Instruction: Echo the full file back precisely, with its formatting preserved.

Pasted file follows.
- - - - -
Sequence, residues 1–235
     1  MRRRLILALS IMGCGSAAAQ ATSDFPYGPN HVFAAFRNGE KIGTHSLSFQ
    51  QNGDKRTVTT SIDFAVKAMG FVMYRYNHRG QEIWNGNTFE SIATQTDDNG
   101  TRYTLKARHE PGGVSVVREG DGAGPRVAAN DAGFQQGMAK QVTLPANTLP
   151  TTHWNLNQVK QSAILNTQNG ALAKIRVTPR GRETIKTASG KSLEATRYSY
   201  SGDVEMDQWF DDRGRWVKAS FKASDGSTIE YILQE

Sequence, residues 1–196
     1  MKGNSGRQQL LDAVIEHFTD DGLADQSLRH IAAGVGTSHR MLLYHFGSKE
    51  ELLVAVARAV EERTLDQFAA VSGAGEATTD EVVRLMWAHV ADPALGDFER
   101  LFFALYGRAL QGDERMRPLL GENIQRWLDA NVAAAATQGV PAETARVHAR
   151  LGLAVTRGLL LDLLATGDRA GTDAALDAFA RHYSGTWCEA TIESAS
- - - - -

Sequence, residues 1–235
     1  MRRRLILALS IMGCGSAAAQ ATSDFPYGPN HVFAAFRNGE KIGTHSLSFQ
    51  QNGDKRTVTT SIDFAVKAMG FVMYRYNHRG QEIWNGNTFE SIATQTDDNG
   101  TRYTLKARHE PGGVSVVREG DGAGPRVAAN DAGFQQGMAK QVTLPANTLP
   151  TTHWNLNQVK QSAILNTQNG ALAKIRVTPR GRETIKTASG KSLEATRYSY
   201  SGDVEMDQWF DDRGRWVKAS FKASDGSTIE YILQE

Sequence, residues 1–196
     1  MKGNSGRQQL LDAVIEHFTD DGLADQSLRH IAAGVGTSHR MLLYHFGSKE
    51  ELLVAVARAV EERTLDQFAA VSGAGEATTD EVVRLMWAHV ADPALGDFER
   101  LFFALYGRAL QGDERMRPLL GENIQRWLDA NVAAAATQGV PAETARVHAR
   151  LGLAVTRGLL LDLLATGDRA GTDAALDAFA RHYSGTWCEA TIESAS